Imagining the children

This, "The Box" (Sw "Lådan") is the first book by Günter Grass I have ever read, even though I usually make some kind of effort with the Nobel Prize Laureates. I saw "The Tin Drum", the film, when I was in high school and I liked it well enough, even though at the time it was not really a film I would have gone to see. My taste in all things has improved, or so I´d like to think.

This is his latest, a novel for sure, but autobiographical. What he has done is to fictionalize his own children (6 biological, 2 aquired by marriage) and let them meet a number of times to discuss different aspects of their childhood. A somewhat fragmented imaged appears, of Günter Grass as Vatti, the father.

The children are actually not in any conflict about what kind of father he was: he was hardly ever there. He had his study in the attic, he didn´t play, he was often away on political crusades, he remarried. He had four children with his first wife, one with his second, one with a passing acquaintance, got two extra when he married his last. Instead, there is a lot of talk about father´s companion, "our Mariechen" (our little Marie), an elderly woman with a camera. Marie is not a real person, she is far too extraordinary for that. Rather, she is what is extraordinary about Günter Grass. She is his imagination. Her pictures show not what the camera has been aimed at, but what is the dream connected to that subject. Her photos of the bombed out houses in Berlin, for example, shows how they were furnished before the war. Her photos of little Nana (the girl who never got to live with her father) shows Nana, her father and mother dancing among the clouds together.

Mariechen takes photos for the children too, like when the boy Taddel misunderstands what he is told about his dad working with the election and thinks he´s gone whale hunting (the word for whale and election is the same in Swedish and, I suspect, German too), Mariechens photos shows Vatti in a boat with a spear in his hand. Or when Lara´s dog Joggi has disappeared, the photos show the dog taking the subway across town, having all kinds of adventures.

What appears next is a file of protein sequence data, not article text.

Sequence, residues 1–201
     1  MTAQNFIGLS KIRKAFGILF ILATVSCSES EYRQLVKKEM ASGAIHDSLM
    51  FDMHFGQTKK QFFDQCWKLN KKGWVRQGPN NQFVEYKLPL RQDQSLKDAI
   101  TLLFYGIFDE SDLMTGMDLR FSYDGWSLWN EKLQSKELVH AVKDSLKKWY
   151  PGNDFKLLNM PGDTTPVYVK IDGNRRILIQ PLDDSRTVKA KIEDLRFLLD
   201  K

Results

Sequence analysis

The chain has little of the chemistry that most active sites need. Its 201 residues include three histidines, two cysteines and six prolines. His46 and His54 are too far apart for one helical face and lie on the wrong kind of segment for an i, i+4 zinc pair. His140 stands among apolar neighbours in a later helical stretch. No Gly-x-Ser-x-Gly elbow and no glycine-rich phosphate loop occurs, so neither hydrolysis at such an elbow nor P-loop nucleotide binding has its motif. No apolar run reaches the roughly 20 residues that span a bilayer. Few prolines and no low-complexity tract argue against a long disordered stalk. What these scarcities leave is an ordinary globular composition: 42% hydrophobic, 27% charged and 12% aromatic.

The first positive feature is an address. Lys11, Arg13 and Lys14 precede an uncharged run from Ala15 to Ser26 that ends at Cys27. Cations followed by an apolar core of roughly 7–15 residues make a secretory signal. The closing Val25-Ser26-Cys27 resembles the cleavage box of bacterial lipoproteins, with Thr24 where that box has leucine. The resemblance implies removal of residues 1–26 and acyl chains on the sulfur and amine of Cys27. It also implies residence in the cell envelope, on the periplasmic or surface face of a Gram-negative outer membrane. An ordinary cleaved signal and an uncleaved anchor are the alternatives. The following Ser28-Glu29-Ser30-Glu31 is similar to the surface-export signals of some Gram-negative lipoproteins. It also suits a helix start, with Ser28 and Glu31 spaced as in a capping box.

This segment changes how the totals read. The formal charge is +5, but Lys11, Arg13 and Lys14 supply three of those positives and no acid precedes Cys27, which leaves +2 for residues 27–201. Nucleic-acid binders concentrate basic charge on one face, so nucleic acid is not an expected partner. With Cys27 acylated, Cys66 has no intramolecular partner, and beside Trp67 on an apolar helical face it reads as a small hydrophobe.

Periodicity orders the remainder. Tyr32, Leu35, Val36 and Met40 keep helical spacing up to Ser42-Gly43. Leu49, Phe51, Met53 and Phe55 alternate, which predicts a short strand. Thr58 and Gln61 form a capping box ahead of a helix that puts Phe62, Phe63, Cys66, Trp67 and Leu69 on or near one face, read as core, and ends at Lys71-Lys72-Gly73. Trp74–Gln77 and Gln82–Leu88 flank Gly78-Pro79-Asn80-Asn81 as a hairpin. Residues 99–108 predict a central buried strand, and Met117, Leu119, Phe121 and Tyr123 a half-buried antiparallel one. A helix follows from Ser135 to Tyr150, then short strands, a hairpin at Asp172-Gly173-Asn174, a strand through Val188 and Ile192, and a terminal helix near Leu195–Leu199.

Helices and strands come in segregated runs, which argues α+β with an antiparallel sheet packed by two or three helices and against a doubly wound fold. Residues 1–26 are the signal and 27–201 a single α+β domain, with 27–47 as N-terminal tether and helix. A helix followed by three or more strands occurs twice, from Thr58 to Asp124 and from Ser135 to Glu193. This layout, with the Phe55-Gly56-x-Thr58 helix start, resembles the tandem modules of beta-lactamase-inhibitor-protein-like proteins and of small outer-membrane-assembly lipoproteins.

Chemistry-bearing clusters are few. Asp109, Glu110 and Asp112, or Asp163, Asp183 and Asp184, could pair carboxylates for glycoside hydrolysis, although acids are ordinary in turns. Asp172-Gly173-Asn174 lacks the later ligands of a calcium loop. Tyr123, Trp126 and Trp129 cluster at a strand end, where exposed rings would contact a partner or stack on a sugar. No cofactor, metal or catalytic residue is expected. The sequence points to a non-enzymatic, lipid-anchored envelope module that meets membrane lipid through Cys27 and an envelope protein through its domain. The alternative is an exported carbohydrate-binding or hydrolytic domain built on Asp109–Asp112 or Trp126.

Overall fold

When there is chaos in the family, Mariechen comes more seldom. She does not like chaos, and takes no photos of it. This is when Grass divorces his first wife. When the artist can´t work, neither does Mariechen. She works for Grass, and when Mariechen is there, they are all at their happiest. When he moves to northern Germany with his last wife, Mariechen moves with them. But when they move away from there, on his wife´s initiative, Mariechen dies. Vatti is old and it is also the end of childhood. However, the children suspects that Vatti has the camera stashed away somewhere. There is some hope for the artist yet...

I think that what Grass is aiming at is that whatever he has given to his children, is what he has also given to the world, and that is his imagination. Either the result of it or - I think he hopes for his children - the ability to imagine for oneself. He also says something profound about how we remember our childhood - that the sweetest memories are made up. And that is all right. But there is also a deep sense of grief in this story. He lets one of the children mention at the end that the father wanted to gather his children like this when he got the Nobel Prize, but none of them were willing to talk. And now, ten years later, instead the father imagines his children, he imagines them "until they are present and casting shadows" (that´s not a direct quote, but a translation from the text). I can´t help but suspect that his children aren´t much available to speak either to him or to each other. As grown children tend not to be. But then don´t we all tend to think other families are happier than ours. Except Günter Grass, which is why I imagine he has published this book.

Mariechen sometimes takes pictures between her legs.
Grass, who is an artist as well as a writer, has illustrated the book with pictures of Mariechen with her camera, one for every chapter. I think they are charming, an image of the writer´s soul, perhaps. Or at least a splinter of it, an aspect, a recurring dream, perhaps. Maybe she was a real person from his childhood, who became an archetype for his imagination? Who knows? We are his readers, not his analysts.

I think some of the critics I have read have been a bit ungenerous towards this book. Of course, I haven´t read any of his others and can´t compare, but I think this is a very special little book. It says something rather profound about fathers and children, in a way both playful and serious. I´m quite sure that I will never forget it.

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